Breaking New Ground: Innovative Water Supply Solutions for the Tampa Bay Region
Breaking New Ground: Innovative Water Supply Solutions for the Tampa Bay Region

Published on Saturday, September 15, 2018

Breaking New Ground: Innovative Water Supply Solutions for the Tampa Bay Region

The year 2000 was both the beginning of a new millennium and a new era in water supply for our region. Tampa Bay Water ushered in this new era by breaking new ground in water supply development, facility operations and management, and environmental stewardship.

The high point of the year came on September 15, 2000, when the agency broke ground on the first phase of the Master Water Plan. Board members, Tampa Bay Water staff and consultants were joined by representatives of the Southwest Florida Water Management District to commemorate construction of the region’s water supply solutions.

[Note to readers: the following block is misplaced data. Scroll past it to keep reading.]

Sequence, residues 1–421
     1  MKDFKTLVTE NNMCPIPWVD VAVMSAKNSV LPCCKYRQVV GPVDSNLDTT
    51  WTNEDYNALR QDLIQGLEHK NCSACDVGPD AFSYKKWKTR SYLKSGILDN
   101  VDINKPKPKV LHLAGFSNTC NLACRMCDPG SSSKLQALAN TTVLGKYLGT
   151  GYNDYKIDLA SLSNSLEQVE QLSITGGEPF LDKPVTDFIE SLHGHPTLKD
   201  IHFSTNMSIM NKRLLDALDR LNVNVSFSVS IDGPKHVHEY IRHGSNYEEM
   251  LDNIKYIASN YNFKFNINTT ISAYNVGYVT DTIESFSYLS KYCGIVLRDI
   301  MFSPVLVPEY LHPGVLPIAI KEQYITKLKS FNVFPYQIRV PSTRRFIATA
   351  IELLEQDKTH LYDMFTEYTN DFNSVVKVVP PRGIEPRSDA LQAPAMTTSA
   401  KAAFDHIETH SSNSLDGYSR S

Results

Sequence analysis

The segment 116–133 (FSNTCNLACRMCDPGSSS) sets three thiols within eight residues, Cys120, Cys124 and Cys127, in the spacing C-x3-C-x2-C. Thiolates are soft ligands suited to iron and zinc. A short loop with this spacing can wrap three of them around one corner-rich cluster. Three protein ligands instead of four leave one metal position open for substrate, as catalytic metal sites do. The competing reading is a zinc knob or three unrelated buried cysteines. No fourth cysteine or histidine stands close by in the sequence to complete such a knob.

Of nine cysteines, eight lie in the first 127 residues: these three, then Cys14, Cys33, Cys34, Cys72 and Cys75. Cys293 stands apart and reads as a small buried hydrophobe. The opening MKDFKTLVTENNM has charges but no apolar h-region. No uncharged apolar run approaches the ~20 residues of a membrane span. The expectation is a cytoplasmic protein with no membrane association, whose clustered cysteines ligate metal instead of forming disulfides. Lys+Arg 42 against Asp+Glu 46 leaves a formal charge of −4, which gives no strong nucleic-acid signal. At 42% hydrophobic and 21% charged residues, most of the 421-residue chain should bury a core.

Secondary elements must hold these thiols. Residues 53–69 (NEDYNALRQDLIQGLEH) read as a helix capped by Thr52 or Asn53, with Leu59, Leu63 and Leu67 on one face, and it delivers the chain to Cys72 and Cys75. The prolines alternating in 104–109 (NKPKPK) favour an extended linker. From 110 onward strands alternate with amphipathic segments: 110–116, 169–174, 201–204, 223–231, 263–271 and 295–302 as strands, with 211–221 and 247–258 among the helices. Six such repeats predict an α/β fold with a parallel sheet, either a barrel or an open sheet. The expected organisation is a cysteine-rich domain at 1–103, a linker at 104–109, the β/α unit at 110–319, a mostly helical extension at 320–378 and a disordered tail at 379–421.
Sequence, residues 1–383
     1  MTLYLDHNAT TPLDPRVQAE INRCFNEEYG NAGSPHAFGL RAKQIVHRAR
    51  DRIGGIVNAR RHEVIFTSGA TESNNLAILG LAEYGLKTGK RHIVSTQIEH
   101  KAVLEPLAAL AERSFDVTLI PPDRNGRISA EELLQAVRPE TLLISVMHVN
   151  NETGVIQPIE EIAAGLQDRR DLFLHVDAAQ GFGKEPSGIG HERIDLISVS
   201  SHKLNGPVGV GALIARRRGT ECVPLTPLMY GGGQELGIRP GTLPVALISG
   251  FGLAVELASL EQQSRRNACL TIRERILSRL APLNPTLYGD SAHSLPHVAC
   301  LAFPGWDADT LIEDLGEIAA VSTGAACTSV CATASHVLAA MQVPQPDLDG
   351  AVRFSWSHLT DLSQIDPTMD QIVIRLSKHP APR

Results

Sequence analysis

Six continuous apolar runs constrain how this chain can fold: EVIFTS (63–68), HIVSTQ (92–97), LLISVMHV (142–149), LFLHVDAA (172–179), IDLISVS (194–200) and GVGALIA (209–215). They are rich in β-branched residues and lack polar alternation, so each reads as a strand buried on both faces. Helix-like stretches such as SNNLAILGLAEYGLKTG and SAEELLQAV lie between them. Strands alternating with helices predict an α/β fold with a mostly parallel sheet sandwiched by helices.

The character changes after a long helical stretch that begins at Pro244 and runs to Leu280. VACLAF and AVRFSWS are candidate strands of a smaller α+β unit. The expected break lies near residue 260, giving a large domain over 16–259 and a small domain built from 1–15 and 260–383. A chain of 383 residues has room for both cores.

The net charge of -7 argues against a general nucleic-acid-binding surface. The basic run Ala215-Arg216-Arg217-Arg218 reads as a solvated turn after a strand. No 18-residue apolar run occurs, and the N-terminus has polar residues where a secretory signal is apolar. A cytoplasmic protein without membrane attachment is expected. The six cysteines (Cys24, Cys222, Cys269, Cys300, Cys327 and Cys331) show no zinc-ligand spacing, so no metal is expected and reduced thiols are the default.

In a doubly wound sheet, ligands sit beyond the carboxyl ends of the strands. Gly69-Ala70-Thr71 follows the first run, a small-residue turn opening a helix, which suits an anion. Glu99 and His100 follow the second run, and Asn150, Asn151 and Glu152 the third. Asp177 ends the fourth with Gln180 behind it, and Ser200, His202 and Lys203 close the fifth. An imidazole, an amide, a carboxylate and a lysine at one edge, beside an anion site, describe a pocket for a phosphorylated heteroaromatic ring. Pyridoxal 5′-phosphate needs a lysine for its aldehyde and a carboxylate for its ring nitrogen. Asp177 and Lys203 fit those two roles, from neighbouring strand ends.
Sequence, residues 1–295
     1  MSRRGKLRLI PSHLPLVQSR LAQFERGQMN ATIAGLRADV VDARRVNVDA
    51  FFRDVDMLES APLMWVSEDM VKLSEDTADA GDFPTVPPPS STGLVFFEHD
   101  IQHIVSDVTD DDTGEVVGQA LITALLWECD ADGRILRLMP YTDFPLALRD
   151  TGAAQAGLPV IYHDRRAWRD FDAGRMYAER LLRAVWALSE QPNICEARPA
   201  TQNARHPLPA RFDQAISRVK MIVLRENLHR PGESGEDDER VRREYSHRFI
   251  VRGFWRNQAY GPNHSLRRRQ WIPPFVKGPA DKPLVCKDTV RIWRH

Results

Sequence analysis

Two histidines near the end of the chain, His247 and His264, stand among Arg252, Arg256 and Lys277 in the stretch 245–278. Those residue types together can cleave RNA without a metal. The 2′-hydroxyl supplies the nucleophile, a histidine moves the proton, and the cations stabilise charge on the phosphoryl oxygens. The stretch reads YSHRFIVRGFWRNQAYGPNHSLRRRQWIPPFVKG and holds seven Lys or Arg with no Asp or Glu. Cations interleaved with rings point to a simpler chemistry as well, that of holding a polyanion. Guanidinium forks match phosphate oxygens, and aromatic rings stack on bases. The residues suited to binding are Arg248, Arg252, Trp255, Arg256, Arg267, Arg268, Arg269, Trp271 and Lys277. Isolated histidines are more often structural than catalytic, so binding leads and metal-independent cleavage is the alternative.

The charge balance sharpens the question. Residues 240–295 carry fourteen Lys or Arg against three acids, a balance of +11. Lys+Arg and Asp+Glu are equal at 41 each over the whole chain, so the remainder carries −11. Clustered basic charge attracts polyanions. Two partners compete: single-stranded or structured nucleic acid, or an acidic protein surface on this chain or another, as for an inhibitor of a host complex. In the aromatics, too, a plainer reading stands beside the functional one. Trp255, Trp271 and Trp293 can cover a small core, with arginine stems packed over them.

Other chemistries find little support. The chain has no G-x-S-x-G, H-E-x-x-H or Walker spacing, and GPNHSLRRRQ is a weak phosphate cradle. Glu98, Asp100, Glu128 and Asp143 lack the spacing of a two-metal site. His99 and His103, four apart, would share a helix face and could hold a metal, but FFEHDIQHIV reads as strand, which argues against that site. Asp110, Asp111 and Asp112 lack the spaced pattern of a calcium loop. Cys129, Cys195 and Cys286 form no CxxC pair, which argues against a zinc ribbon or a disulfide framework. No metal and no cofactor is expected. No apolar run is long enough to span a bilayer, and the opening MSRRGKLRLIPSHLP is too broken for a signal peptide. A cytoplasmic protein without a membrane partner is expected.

The projects in the Master Water Plan were among the most progressive water supply initiatives in the nation: a 25-million-gallon per day seawater desalination plant; a 15.5 billion-gallon reservoir to store river water from the Tampa Bypass Canal, Alafia and Hillsborough rivers; a 66-million gallon per day surface water treatment plant; and a network of pipelines to connect new and existing systems.

What made the $600 million Master Water Plan even more innovative were the public-private partnerships designed to deliver cutting-edge projects at competitive prices.

The need for diverse new water supplies was reinforced that same year as the Tampa Bay region suffered from the worst drought on record. In addition to drought conditions, Tampa Bay Water was developing new supplies to accommodate groundwater pumping reductions as part of its partnership with the Southwest Florida Water Management District.

These diverse new supplies were projected to meet demands through, at least, 2010.

Eighteen years later and the Tampa Bay region enjoys one of the most reliable, diverse and flexible water supply systems in the nation. In total, our region has invested more than $1 billion in water supply infrastructure to keep pace with growing water demands. Our water supply systems is built to be resilient, withstand droughts and care for the environment while supporting our region’s economy and way of life.
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